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A bill approved by the California state legislature would allow transgender students to use bathrooms and locker rooms, and try out for sports teams, of the gender they identify as their own, instead of their biological gender. Supporters of the controversial bill, which is awaiting action by the governor, say it will go a long way in preventing bullying and removing the stigma that often faces transgender youth. But opponents argue that parents should not have to worry about their kids sharing locker rooms and bathrooms with the opposite sex.

Guests:
Eli Erlick, executive director of the Trans Student Equality Resources
Ilona Turner, legal director of the Transgender Law Center
Matthew McReynolds, attorney for the Pacific Justice Institute

  • Beth Grant DeRoos

    Why not have traditional bathrooms as well as bathrooms for anyone who doesn’t mind sharing with the opposite sex?

    To bad schools are not as concerned with turning out literate students as they are about all this gender sexual stuff.

    • Blaine Johnson

      Why not open all bathrooms to all people and stop sexualizing waste elimination. People hanging out for any other purpose would be quickly ostracized.

    • Lawrence

      In ancient Rome, where homosexuality was accepted, bathrooms were not gender-specific — at least not for the common people. Males and female shared the bathrooms. It seems like we could follow their example but sexists of both genders would surely complain.

  • Bob Fry

    At what point do the feelings (they’re not civil rights) of the very large majority outweigh the feelings of a very tiny minority?

  • Eric

    Only in California.

    This legislation is very naive and impractical. The bathroom issue is solvable, but it’s insensitive to the rights of other students to let transgendered students pick the bathroom of their choice. And does anyone really think bullying will be reduced by allowing transgendered kids to pick the sports teams they want to join? Wow. Talk about a formula for bullying and controversy. What if a genetic male participating on a female sports team actually won an individual event (think swimming, track and field, etc.)? Will this be seen as “cheating”?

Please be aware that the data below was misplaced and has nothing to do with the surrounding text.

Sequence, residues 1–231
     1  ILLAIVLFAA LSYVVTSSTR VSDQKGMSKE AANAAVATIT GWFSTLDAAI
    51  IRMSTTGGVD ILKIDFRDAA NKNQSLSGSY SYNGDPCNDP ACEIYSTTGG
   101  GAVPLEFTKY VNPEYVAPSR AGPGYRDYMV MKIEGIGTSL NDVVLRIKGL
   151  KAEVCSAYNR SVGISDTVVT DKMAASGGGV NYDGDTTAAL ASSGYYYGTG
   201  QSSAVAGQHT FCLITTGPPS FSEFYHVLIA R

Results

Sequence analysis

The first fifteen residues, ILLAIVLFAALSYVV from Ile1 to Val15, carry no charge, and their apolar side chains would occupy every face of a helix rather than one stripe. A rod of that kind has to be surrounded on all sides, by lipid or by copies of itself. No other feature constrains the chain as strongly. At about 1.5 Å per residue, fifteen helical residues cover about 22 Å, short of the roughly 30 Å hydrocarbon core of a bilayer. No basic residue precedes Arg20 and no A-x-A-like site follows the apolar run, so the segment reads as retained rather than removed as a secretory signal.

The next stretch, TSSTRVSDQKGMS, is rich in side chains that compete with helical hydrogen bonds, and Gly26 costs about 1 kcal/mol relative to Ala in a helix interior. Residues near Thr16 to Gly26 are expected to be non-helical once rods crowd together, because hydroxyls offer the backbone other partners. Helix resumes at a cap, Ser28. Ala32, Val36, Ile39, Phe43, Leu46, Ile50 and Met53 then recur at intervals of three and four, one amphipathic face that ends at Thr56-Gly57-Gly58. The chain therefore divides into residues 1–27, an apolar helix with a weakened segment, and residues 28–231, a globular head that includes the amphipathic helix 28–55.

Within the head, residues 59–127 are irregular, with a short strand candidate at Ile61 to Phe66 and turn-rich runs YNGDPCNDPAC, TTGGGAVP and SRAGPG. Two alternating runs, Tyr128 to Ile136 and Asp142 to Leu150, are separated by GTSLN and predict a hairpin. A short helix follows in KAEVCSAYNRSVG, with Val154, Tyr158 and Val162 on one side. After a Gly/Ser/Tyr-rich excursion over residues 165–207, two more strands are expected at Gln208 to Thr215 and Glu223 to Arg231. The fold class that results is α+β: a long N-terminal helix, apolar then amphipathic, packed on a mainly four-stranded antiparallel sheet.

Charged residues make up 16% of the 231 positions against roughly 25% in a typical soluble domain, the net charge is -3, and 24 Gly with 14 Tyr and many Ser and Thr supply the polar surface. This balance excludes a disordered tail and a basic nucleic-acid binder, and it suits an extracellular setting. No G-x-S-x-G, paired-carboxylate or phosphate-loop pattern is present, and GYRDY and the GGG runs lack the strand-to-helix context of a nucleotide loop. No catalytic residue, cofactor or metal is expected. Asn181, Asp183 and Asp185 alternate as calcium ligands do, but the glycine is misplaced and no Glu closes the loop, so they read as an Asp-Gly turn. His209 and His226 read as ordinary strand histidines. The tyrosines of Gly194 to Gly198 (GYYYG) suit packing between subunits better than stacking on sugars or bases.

• Blaine Johnson

    Isn’t it about time that we stop separating people, for any reason. Period. This is not about sexuality, it is about perceived morality. I find it ironic that the free thinkers of the ’70s are many of the ones pushing for morality based laws today.

  • Wesley Chandler

    Why not dispell this all together buy having Unisex bathrooms?
    This is only a problem because of the immature culture we raise our children in; instead of teaching them boy parts and girl parts are bad we should be teaching them that its just natural thus diffusing the taboo nature surrounding the sexes that gives rise to inappropriate behavior.

  • B.Chen

    Seems to me this is precisely about teaching sociocultural literacy, i.e. very practically, “how do I read gender/sex/sexuality in life”? And this results in insights, e.g. that men have feminine and masculine parts of themselves, which is an insight for everyone, not a “tiny minority.” It is a loosening of the violence of how we continually regulate each other’s gender/sex/sexuality.

  • Samantha

    As a transgender woman, i have to emphasize the dramatic harm to transgender students that defeat of this law would perpetuate. It cannot be understated how anxiety-producing the issue of ‘correct’ bathroom usage is, even for adults.

    I understand that there is discomfort and privacy concerns on the other side, but while there is always the possibility of abuse, such cases are objectively rare, and do not, in my opinion, come close to outweighing the enormous benefit to transgender students.

  • Dianne

    I’m the mother of three students in California public schools. I fully support AB 1266. I want my children to be in school environments where every student is given access and the opportunities they need to succeed in school. I have no concerns about my children sharing facilities or being on sports teams or in classes with transgender students. The arguments raised against AB 1266 remind me of arguments made against the repeal of “Don’t Ask, Don’t Tell.” “What if” scenarios simply don’t occur in practice and shouldn’t be used to continue to discriminate against thousands of students who need this law in order to succeed in school.

  • Thank you for taking the time to listen to this show, and think about how we can support transgender students. We look forward to celebrating the Governor’s signature. To learn more about transgender people, please visit our website.

  • Pacific Justice

    This bill will jeopardize the safety and privacy of ALL students. We encourage you to visit: http://www.GenderInsanity.com to learn more.

  • Bethany Wade

    It amazes me to constantly hear the religious right condemn these sorts of bills and actions as ‘just’ a way that would allow straight men/boys to ‘pretend’ they are transgender, just to sexually assault women/girls in the women’s bathroom. So often, they do not seem to have a problem with the transgender persons, but with straight males. Go figure…

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